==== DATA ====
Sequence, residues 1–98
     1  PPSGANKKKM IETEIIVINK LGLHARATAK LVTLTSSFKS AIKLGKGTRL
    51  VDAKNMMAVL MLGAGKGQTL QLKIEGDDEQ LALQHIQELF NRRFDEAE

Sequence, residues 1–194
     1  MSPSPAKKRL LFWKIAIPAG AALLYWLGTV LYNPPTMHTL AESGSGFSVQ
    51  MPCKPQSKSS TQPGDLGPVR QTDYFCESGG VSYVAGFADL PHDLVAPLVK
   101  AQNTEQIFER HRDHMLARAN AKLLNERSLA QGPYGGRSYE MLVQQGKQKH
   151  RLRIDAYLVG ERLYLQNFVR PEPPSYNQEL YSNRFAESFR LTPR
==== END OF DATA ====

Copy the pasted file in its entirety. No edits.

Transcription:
Sequence, residues 1–98
     1  PPSGANKKKM IETEIIVINK LGLHARATAK LVTLTSSFKS AIKLGKGTRL
    51  VDAKNMMAVL MLGAGKGQTL QLKIEGDDEQ LALQHIQELF NRRFDEAE

Sequence, residues 1–194
     1  MSPSPAKKRL LFWKIAIPAG AALLYWLGTV LYNPPTMHTL AESGSGFSVQ
    51  MPCKPQSKSS TQPGDLGPVR QTDYFCESGG VSYVAGFADL PHDLVAPLVK
   101  AQNTEQIFER HRDHMLARAN AKLLNERSLA QGPYGGRSYE MLVQQGKQKH
   151  RLRIDAYLVG ERLYLQNFVR PEPPSYNQEL YSNRFAESFR LTPR